Unlike other races, such as the Tour of Poland, which banned fans and media for its WorldTour dates next week, the Burgos tour is allowing the public and media to show up. All media are required to provide a negative COVID-19 test within 72 hours to receive a credential, and a series of social distancing rules have been imposed on the race to minimize risk. Journalists won’t be allowed in the team bus area or at the finish lines.
Riders will also undergo other testing and health protocols before and after the race to minimize exposure and assure as much safety as possible.
“The rules have been written, the protocols drawn up, now comes the most difficult part: putting them into practice,” said Trek-Segafredo team doctor Dr. Gaetano Daniele. “Although in many countries the COVID-19 emergency has been reduced in size, the virus has not disappeared. We must all be aware of this and act together. If every component – teams, UCI, and organizers – do their part, we will have the conditions to finish the season smoothly.”
There were some hiccups out of the gate among other races last week that reveal what cycling will look in the COVID-era. Last week, two teams decided not to race the Sibiu Tour in Romania, citing a recent uptick of cases there and the risk that presented.
In three races in Spain over the weekend, the women’s calendar restarted with CCC-Liv pulling out of two races last week after citing concerns about pre-race testing protocols. Teams and riders are discovering that meeting some of the UCI-mandated rules isn’t so easy, especially when it comes to finding laboratories that can turn around results in a timely manner to meet requirements of a negative COVID-19 test three days before competition.
On the bike, however, things went fairly smoothly in Spain. Annemiek van Vleuten (Mitchelton-Scott) was untouchable, winning all three contested races in dramatic fashion. And most of the fans that lined the course in promising numbers were wearing facemasks.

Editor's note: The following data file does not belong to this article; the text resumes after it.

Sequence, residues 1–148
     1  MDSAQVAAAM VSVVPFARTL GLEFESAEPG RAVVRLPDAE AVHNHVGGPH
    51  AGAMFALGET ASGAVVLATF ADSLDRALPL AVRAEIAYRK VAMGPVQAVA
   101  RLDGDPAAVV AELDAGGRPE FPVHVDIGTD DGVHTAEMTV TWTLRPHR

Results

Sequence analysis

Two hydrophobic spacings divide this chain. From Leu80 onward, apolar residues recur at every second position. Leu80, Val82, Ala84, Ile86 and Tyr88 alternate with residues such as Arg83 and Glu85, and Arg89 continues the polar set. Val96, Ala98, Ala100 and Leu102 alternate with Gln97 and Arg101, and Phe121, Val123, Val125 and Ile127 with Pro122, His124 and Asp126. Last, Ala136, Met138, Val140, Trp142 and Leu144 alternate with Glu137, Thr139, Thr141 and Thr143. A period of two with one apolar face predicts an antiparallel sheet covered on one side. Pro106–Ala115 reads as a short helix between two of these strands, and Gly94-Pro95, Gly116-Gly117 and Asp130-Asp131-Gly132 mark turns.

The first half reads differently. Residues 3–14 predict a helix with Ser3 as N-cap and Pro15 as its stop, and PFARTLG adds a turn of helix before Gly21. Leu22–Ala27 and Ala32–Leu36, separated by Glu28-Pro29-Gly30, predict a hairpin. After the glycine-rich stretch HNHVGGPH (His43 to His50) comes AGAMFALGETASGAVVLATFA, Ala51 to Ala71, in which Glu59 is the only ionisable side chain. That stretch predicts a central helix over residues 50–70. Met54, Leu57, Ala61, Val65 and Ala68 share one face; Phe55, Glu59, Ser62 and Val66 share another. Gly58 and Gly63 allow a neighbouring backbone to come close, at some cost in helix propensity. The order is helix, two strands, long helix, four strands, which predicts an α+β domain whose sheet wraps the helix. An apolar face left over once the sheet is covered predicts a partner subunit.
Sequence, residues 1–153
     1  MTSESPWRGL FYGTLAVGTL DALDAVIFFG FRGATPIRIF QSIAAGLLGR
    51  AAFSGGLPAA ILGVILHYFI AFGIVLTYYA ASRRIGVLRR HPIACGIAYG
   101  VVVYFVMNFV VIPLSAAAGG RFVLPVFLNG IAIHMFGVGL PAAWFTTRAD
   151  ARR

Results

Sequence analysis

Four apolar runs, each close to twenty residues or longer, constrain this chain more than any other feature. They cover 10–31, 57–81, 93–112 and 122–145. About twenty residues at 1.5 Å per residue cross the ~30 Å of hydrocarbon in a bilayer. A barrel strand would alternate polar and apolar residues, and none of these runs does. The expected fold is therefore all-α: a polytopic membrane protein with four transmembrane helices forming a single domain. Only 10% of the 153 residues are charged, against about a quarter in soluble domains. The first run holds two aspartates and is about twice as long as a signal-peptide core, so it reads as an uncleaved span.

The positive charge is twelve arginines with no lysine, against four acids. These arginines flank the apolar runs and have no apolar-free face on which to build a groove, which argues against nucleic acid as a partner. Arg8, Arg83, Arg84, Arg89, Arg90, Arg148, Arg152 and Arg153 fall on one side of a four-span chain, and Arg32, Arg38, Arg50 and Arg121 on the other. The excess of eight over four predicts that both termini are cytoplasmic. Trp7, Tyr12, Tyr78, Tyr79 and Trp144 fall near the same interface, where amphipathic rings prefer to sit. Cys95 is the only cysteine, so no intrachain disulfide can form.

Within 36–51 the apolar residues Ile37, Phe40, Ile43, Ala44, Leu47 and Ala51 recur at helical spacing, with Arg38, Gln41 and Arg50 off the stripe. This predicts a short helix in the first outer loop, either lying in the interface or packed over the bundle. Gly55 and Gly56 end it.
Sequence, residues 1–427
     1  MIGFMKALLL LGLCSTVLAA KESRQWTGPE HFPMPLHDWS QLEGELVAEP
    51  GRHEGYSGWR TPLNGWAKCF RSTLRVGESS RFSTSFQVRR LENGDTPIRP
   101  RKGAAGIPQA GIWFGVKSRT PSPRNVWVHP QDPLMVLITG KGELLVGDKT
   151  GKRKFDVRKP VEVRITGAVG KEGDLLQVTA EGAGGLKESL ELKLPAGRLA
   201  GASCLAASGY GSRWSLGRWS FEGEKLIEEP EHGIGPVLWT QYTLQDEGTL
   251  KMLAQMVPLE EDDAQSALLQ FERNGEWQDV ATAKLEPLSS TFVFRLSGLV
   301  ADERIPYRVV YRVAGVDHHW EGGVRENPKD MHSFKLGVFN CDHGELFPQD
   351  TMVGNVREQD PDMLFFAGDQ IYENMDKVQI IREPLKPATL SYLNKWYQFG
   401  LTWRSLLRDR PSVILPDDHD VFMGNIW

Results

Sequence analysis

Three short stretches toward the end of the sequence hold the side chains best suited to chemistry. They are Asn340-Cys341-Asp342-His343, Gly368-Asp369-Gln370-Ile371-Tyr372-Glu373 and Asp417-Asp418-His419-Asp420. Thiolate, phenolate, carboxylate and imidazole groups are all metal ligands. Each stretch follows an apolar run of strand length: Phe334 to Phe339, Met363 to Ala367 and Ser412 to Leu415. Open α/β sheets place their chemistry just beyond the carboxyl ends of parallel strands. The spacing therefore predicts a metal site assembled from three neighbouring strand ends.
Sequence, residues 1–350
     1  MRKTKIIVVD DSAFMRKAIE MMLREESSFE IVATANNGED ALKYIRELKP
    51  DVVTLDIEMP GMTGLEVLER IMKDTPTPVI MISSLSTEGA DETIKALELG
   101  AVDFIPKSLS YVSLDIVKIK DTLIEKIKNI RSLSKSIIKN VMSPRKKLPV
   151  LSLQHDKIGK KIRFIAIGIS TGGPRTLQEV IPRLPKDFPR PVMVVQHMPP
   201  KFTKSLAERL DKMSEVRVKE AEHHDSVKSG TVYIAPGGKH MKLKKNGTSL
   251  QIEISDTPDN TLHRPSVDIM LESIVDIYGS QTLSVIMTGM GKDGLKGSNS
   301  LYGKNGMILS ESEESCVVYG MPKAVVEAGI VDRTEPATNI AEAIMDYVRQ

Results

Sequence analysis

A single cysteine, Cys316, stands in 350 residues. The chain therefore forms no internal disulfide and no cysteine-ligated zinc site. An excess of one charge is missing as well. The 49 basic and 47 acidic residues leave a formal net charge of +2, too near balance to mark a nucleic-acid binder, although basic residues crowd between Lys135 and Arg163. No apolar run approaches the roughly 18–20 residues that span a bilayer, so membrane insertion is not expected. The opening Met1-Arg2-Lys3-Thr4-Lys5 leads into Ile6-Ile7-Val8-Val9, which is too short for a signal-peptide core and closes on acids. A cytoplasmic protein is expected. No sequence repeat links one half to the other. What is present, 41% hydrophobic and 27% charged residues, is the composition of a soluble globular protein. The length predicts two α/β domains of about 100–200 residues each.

“I am very happy with the day and also I want to give a shout out to the organization with how they organized it, how they kept it safe, and made sure everyone was tested here,” Van Vleuten said last week. “They were very serious.”
The big question mark from Burgos going forward isn’t so much how cycling is dealing with trying to control its exposure to COVID-19, but rather the larger forces beyond the sport.
A recent spike in cases in some parts of Spain has put everyone on edge.
The British government imposed a 14-day at-home quarantine for any travelers returning from Spain. France is warning its citizens not to travel to Catalunya in northeast Spain following recent outbreaks in Lleida and Barcelona.
Burgos, however, is among one of the least affected areas of Spain. Most of northern Spain, not counting nearby Navarra or the Basque Country, has only seen a handful of cases that are being closely monitored by local authorities.
Cycling has done its part to create bubbles, enforce pre-race testing, and dramatically alter how the peloton moves before, during and after competition.
It’s all-systems-go for Burgos. Teams have arrived with buses packed with bikes. Riders are keen to get back into the action. Between now and mid-November, when the current racing calendar runs through, it’s a race against time.